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Christmas, 1955: Christmas! What mysteries and marvels accompany that word! Each generation has very special memories and recollections of home, church, sounds and sights that have become deeply imbedded in the canyons of their minds. Some memories never fade, becoming a part of each of us and determining how we pass on traditions and beliefs to our children.
Sounding the call to church and salvation: Like most of my friends, Sunday school and church was a very large and important part of growing up in the small town of Bonners Ferry, Idaho. The Church, where an attempt was made to instill good values in me, was United Methodist Church in the 6000 block of Lincoln Street on the South Hill.
The joys of dime candy on Halloween: Living in North Idaho requires us to experience four seasons each year. All of those seasons are certainly special, each one having wonderful attributes. For a kid growing up here in the 50s, the seasons were really the holidays. First was Christmas, followed closely by school vacation, and summer, then Halloween and finally Thanksgiving.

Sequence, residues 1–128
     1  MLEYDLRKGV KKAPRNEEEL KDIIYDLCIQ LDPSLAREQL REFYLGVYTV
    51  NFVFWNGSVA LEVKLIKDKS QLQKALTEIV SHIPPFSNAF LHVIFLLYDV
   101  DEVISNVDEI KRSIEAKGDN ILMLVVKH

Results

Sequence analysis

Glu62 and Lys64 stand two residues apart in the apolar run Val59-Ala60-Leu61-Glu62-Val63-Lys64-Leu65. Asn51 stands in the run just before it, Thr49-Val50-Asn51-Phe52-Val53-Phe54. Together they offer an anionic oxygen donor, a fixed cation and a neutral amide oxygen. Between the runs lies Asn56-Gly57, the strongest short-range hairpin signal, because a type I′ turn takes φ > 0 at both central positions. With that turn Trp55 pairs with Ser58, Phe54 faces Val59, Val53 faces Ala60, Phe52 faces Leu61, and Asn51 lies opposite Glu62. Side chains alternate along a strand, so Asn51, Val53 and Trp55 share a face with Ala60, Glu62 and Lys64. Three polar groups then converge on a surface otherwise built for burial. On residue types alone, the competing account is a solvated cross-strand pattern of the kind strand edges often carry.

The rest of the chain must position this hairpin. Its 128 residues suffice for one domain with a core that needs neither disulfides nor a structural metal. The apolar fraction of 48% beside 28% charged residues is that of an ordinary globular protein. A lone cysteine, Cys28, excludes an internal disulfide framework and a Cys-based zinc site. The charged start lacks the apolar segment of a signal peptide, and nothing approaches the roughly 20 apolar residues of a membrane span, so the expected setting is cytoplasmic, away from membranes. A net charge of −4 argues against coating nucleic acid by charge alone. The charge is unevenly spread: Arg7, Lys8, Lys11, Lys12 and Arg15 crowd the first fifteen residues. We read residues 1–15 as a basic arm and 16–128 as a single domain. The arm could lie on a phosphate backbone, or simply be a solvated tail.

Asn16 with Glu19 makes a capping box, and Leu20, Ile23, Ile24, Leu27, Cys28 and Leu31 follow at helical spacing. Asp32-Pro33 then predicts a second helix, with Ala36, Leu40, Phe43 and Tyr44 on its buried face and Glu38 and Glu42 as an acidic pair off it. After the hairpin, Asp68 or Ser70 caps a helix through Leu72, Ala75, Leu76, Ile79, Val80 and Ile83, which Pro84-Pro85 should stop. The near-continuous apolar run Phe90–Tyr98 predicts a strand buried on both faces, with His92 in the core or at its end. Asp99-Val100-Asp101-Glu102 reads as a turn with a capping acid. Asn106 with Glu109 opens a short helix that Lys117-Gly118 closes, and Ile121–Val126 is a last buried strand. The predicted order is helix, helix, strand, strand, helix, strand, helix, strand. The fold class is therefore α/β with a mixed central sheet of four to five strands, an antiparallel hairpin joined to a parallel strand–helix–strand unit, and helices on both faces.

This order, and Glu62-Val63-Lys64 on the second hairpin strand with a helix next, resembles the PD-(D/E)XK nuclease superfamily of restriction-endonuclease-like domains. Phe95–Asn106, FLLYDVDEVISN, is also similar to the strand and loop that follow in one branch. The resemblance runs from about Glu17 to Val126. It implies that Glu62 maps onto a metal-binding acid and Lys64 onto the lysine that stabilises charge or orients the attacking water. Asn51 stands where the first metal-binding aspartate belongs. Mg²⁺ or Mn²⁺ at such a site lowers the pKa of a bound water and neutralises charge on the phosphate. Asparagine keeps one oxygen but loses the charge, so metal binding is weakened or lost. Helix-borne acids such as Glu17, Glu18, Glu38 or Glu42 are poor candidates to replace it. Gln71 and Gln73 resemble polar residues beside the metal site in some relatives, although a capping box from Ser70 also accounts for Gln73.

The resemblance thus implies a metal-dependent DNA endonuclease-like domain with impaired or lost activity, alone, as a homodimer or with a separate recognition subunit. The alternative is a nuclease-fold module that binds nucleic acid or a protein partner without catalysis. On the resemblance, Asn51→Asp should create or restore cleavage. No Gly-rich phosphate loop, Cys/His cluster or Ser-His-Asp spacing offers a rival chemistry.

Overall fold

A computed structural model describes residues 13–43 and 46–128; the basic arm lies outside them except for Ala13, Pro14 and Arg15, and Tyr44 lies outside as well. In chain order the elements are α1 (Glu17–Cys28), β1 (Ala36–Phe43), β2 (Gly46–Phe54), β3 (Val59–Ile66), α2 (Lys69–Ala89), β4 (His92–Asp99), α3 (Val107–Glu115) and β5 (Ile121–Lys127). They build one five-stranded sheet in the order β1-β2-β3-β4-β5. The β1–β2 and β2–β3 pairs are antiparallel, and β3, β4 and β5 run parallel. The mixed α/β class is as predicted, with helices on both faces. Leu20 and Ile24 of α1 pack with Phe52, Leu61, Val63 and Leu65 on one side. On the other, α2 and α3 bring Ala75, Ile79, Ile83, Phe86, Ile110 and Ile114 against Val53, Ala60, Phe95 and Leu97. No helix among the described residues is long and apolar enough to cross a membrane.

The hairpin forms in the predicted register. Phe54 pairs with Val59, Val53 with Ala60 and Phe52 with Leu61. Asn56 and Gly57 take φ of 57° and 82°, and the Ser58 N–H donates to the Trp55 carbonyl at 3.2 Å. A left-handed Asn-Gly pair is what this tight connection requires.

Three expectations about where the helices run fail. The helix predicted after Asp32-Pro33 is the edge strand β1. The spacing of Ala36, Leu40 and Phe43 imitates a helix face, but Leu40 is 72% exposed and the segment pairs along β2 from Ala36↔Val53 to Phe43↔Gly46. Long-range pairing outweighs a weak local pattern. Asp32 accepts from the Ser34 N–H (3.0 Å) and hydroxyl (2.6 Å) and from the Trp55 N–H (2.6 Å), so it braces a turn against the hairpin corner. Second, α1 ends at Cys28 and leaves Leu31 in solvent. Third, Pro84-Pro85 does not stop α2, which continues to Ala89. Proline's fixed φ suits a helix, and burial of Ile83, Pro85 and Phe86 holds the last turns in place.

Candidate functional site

Rub a dub du ... uh oh: After six hours of being bent over a wood splitter, stacking wood and then chasing after more wood to split, we finally got the wood shed full. By now I was beginning to feel my years. A cold PBR and a few moments’ reflection on my aching parts led me to think of a soak in a hot bath. With all the stories of the curative effects of soaking in a hot tub, I decided to test the truth of those claims for myself.
The legacy of autumn leaves: Whatever mysterious compulsion it is that makes a kid want to roll around in a leaf pile is one of God’s splendid gifts to children. But then, what adult can remain solemn when a pile of leaves beckon? The dang things just seem to cry out to a person to jump in the pile and squeal! The small village of Bonners Ferry, Idaho, has four seasons of the most breath-taking beauty imaginable.
Just a swingin’: Most parents of the 50s and early 60s were not about to spend money buying outside toys for their kids. We were expected to fend for ourselves in that department. No big store-bought swings or motor driven carts of any kind. Most of us did have some sort of bike. The more resourceful among us would cobble a bike together out of pieces we found at the dump.